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Archive of posts filed under the Decision Theory category.

Estimating a customer satisfaction regression, asking only a subset of predictors for each person

Someone writes in with an interesting question: I’d like to speak with you briefly to get your thoughts on the imputation of missing data in a new online web-survey technique I’m developing. Our survey uses Split Questionnaire Design. The total number of surveys will vary in length with different customers, but will generally be between […]

Smullyan and the Randomistas

Steve Ziliak wrote in: I thought you might be interested in the following exchanges on randomized trials: Here are a few exchanges on the economics and ethics of randomized controlled trials, reacting to my [Zilliak's] study with Edward R. Teather-Posadas, “The Unprincipled Randomization Principle in Economics and Medicine”. Our study is forthcoming in the Oxford […]

On deck this week

Mon: Smullyan and the Randomistas Tues: Too Linear To Be True: The curious case of Jens Forster Wed: More on those randomistas Thurs: Estimating a customer satisfaction regression, asking only a subset of predictors for each person Fri: Quantifying luck vs. skill in sports Sat, Sun: Hey, it’s summer—time to take the weekends off. Have […]

Combining forecasts: Evidence on the relative accuracy of the simple average and Bayesian model averaging for predicting social science problems

Andreas Graefe sends along this paper (with Helmut Kuchenhoff, Veronika Stierle, and Bernhard Riedl) and writes: We summarize prior evidence from the field of economic forecasting and find that the simple average was more accurate than Bayesian model averaging in three of four studies; on average, the error of BMA was 6% higher than the […]

Average predictive comparisons in R: David Chudzicki writes a package!

Here it is: An R Package for Understanding Arbitrary Complex Models As complex models become widely used, it’s more important than ever to have ways of understanding them. Even when a model is built primarily for prediction (rather than primarily as an aid to understanding), we still need to know what it’s telling us. For […]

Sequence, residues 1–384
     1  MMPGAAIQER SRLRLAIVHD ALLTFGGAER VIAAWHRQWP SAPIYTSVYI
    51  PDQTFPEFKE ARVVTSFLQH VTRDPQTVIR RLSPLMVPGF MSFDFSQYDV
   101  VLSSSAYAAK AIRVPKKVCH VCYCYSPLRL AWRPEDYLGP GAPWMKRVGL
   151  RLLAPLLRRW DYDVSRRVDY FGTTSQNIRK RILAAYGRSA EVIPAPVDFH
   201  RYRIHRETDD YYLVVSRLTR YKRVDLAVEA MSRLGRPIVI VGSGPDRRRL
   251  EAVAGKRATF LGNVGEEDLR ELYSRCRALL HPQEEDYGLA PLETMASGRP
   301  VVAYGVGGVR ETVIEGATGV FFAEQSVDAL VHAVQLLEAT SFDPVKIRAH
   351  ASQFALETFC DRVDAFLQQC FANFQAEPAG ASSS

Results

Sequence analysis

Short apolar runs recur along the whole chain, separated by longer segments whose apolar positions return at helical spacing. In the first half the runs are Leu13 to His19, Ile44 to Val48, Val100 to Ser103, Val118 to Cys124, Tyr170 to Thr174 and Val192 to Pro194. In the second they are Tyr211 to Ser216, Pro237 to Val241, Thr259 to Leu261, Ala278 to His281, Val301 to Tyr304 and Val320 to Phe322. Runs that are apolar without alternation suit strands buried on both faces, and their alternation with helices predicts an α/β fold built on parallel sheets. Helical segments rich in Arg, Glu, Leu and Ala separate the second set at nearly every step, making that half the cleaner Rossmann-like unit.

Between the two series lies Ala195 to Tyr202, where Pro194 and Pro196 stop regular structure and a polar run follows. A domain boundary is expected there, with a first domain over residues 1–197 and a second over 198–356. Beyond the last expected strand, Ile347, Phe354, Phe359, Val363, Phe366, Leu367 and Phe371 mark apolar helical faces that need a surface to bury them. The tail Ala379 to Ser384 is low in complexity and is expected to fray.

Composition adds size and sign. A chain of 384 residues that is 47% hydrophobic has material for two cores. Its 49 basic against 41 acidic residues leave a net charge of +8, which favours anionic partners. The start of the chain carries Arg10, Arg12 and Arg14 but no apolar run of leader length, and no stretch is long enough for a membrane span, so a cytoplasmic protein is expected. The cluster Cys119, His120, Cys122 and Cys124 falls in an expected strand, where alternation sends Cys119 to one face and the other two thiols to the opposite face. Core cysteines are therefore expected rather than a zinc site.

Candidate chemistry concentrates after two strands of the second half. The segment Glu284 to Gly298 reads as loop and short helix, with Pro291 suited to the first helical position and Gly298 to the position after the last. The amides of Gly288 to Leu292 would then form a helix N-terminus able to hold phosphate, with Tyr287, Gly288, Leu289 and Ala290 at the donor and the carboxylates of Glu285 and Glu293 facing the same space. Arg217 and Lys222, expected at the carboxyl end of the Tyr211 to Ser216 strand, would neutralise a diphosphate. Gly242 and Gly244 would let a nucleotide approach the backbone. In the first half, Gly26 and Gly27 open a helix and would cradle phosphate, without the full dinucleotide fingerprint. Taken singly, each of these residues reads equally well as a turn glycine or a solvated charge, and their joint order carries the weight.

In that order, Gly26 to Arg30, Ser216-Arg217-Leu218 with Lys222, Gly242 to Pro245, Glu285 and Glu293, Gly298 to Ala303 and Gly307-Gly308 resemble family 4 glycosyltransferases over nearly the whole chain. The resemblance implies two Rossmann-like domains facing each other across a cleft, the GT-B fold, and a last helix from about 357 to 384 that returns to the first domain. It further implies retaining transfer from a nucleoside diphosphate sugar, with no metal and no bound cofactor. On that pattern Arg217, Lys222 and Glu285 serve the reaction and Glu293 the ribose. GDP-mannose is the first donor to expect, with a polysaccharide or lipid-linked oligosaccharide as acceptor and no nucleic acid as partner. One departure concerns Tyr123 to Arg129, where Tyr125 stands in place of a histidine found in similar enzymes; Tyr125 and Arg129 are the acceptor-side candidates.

On deck this week

And now here’s something we hope you’ll really like (as Chris Hedges might say). A whole week of posts on statistics! Mon: My answer: Write a little program to simulate it Tues: Average predictive comparisons in R: David Chudzicki writes a package! Wed: Judicious Bayesian Analysis to Get Frequentist Confidence Intervals Thurs: Combining forecasts: Evidence […]

Comparing the full model to the partial model

Pat Lawlor writes: We are writing with a question about model comparison and fitting. We work in a group at Northwestern that does neural data analysis and modeling, and often would like to compare full models (e.g. neurons care about movement and vision) with various partial models (e.g. they only care about movement). We often […]

He’s not so great in math but wants to do statistics and machine learning

I received the following email from someone who wishes to remain anonymous: I am a longtime reader of your blog and it, along with other factors that I will explain briefly, has motivated to pursue a second masters degree in statistics and machine learning. The problem is, my math isn’t great. I understand statistics and […]

On deck this week

Mon: I hate polynomials Tues: Spring forward, fall back, drop dead? Wed: Bayes in the research conversation Thurs: The health policy innovation center: how best to move from pilot studies to large-scale practice? Fri: Stroopy names Sat: He’s not so great in math but wants to do statistics and machine learning Sun: Comparing the full […]

All the Assumptions That Are My Life

Statisticians take tours in other people’s data. All methods of statistical inference rest on statistical models. Experiments typically have problems with compliance, measurement error, generalizability to the real world, and representativeness of the sample. Surveys typically have problems of undercoverage, nonresponse, and measurement error. Real surveys are done to learn about the general population. But […]